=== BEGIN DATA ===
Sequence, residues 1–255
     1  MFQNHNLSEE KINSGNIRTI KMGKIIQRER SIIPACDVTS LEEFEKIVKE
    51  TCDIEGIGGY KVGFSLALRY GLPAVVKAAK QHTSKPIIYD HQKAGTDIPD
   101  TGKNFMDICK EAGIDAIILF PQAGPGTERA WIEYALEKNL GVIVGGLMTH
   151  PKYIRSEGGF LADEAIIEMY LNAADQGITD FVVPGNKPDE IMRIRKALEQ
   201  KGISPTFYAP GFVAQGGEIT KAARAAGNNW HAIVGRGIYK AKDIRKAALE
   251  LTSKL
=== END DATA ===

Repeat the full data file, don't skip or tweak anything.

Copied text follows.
Sequence, residues 1–255
     1  MFQNHNLSEE KINSGNIRTI KMGKIIQRER SIIPACDVTS LEEFEKIVKE
    51  TCDIEGIGGY KVGFSLALRY GLPAVVKAAK QHTSKPIIYD HQKAGTDIPD
   101  TGKNFMDICK EAGIDAIILF PQAGPGTERA WIEYALEKNL GVIVGGLMTH
   151  PKYIRSEGGF LADEAIIEMY LNAADQGITD FVVPGNKPDE IMRIRKALEQ
   201  KGISPTFYAP GFVAQGGEIT KAARAAGNNW HAIVGRGIYK AKDIRKAALE
   251  LTSKL